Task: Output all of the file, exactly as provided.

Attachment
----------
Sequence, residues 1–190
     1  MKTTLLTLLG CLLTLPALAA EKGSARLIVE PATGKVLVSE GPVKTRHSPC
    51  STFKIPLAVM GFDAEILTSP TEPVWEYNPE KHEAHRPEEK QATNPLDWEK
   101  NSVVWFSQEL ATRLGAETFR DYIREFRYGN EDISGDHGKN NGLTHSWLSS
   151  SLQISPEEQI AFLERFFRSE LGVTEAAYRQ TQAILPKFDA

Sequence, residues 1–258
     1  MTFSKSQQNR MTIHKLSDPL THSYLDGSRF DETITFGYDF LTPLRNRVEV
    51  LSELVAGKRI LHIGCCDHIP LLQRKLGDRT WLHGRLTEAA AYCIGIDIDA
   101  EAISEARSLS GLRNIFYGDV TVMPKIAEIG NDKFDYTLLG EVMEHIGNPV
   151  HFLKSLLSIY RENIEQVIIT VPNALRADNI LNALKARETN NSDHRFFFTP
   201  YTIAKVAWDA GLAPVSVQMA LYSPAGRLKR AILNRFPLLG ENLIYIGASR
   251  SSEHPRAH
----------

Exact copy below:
Sequence, residues 1–190
     1  MKTTLLTLLG CLLTLPALAA EKGSARLIVE PATGKVLVSE GPVKTRHSPC
    51  STFKIPLAVM GFDAEILTSP TEPVWEYNPE KHEAHRPEEK QATNPLDWEK
   101  NSVVWFSQEL ATRLGAETFR DYIREFRYGN EDISGDHGKN NGLTHSWLSS
   151  SLQISPEEQI AFLERFFRSE LGVTEAAYRQ TQAILPKFDA

Sequence, residues 1–258
     1  MTFSKSQQNR MTIHKLSDPL THSYLDGSRF DETITFGYDF LTPLRNRVEV
    51  LSELVAGKRI LHIGCCDHIP LLQRKLGDRT WLHGRLTEAA AYCIGIDIDA
   101  EAISEARSLS GLRNIFYGDV TVMPKIAEIG NDKFDYTLLG EVMEHIGNPV
   151  HFLKSLLSIY RENIEQVIIT VPNALRADNI LNALKARETN NSDHRFFFTP
   201  YTIAKVAWDA GLAPVSVQMA LYSPAGRLKR AILNRFPLLG ENLIYIGASR
   251  SSEHPRAH